Dental occlusion and facial esthetics can show immediate effects postsurgery when using an SFA., The SFA offers an alternative to the orthodontics- first approach for correction of Dentofacial deformities. The advent of postoperatively accelerated orthodontic tooth movement also reduces the difficulties and complications associated with and the time spent on postoperative orthodontics. Both the orthodontist and the maxillofacial surgeon using an SFA should be well-experienced and should cooperate closely with each other to achieve predictable and satisfactory outcomes.,, Orthodontists should be aware of the orthognathic principles, limitations in orthodontic movement and plan postoperative orthodontic treatment to include alignment, incisor decompensation, arch coordination, and occlusal interdigitation. The maxillofacial surgeon should be experienced enough of performing designated osteotomy and intermaxillary fixation with occlusion bite plate on malaligned dental arches and providing the stability after skeletal reposition.
The reduction of the overall orthodontic treatment period and immediate facial changes would be the most significant advantages of this approach. Dentofacial deformity affects patient quality of life in our society., The high satisfaction rate according to the questionnaire given to the patients was ranged between 70% and 87%. There was a marked improvement in self-confidence in 67.5% of patients as a result of an improved appearance and chewing function. Patients responded that immediate surgical treatment had a great impact on their friends and family., Satisfaction of those correlated significantly with patients' satisfaction. From the questions asked we get to know that patients' mental attitude about his/her postoperative appearance may be influenced by the support from family postsurgery. In contrast, the prevalence of postoperative complications such as numbness, prickle-sensations, pain in the temporomandibular joint area, or restrictions in mouth-opening had no overall effect on satisfaction.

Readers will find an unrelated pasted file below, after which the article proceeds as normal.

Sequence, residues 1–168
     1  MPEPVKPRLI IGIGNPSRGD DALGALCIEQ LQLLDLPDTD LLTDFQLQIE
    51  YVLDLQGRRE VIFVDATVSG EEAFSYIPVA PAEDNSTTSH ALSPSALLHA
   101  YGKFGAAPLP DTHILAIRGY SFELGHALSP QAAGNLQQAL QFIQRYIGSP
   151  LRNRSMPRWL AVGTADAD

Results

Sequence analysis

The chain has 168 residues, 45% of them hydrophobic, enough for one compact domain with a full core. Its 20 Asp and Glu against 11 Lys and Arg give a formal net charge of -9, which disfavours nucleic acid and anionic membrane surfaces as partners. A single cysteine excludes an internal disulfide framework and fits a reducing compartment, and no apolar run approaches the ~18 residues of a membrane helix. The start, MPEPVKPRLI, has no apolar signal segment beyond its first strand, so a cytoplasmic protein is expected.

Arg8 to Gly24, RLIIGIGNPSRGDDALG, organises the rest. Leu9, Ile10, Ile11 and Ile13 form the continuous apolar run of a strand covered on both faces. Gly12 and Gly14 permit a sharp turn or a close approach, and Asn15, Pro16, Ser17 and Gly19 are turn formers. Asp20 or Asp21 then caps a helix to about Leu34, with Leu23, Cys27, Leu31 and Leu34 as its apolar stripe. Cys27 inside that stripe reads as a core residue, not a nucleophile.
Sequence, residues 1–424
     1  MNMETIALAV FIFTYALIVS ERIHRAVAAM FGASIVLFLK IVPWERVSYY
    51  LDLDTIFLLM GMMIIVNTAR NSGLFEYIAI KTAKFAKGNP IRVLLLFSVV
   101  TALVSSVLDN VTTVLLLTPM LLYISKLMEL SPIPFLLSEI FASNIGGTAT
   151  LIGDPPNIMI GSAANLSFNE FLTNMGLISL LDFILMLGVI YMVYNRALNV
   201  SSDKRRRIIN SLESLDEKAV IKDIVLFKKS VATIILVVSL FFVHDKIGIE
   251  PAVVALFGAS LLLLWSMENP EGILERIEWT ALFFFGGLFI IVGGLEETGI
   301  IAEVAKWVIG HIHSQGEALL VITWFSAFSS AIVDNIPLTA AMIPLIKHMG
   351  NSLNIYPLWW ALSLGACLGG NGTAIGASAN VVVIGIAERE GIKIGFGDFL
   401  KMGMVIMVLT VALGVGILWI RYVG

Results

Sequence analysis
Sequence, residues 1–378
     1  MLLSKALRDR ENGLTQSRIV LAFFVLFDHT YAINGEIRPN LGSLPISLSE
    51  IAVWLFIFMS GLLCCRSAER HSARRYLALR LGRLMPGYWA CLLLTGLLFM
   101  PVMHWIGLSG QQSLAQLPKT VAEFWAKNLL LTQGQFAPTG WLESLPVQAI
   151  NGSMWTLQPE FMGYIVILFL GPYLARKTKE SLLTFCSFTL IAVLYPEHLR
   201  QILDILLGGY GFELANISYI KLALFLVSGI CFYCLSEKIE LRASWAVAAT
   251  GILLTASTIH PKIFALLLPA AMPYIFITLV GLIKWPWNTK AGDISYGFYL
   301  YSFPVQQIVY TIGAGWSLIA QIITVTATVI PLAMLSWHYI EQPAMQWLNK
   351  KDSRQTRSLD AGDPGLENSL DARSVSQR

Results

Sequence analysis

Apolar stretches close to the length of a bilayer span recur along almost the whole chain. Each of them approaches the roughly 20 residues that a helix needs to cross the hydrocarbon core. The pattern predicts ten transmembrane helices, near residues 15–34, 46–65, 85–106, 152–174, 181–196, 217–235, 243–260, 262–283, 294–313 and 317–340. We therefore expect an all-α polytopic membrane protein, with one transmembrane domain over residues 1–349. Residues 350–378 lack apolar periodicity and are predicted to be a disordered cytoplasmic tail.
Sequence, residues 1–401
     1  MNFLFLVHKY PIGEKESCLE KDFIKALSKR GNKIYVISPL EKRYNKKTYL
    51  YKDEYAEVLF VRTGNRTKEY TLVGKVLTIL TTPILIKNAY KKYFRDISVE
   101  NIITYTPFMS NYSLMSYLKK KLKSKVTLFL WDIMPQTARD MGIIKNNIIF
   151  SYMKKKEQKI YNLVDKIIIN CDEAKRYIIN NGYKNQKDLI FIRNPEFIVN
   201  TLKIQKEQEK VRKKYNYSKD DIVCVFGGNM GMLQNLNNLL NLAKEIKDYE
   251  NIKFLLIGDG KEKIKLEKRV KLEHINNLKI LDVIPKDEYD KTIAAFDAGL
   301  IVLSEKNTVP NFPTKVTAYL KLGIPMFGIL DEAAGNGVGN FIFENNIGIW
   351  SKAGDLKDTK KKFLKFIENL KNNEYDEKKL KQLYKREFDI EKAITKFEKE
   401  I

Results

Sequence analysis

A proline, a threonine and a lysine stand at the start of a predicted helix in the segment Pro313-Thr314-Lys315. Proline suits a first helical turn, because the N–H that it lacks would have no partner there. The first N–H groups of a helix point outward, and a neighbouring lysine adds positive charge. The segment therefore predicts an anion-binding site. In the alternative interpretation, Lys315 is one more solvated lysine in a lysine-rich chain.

The primary factor of satisfaction with surgery first was whether or not the result was perceived to be an esthetic improvement. If there was an esthetic improvement in facial features immediately, the satisfaction was high in comparison to the conventional orthognathic surgery, regardless of functional problems., An important result of this study was that a correlation between age, sex, and response to the questionnaire was not found. Young male patients wanted functional improvement, and older male patients showed no alteration in self-esteem or depression with surgery first technique. Young females desired for improvement in self-confidence and older female patients displayed improved self-esteem and diminished depressive symptoms due to surgical intervention.
It is well-known that satisfaction and the perception of surgical outcome depend on two important factors, preoperative expectations and the degree to which the procedure is explained by the orthodontist or the maxillofacial surgeon. Patients who are psychologically depressed before surgery tend to report a higher recovery burden and experience more difficulty with symptoms with social/self-concerns in the initial months of the postsurgery. Various factors may change postoperative satisfaction of the patients like written data about the sequelae and the recovery period.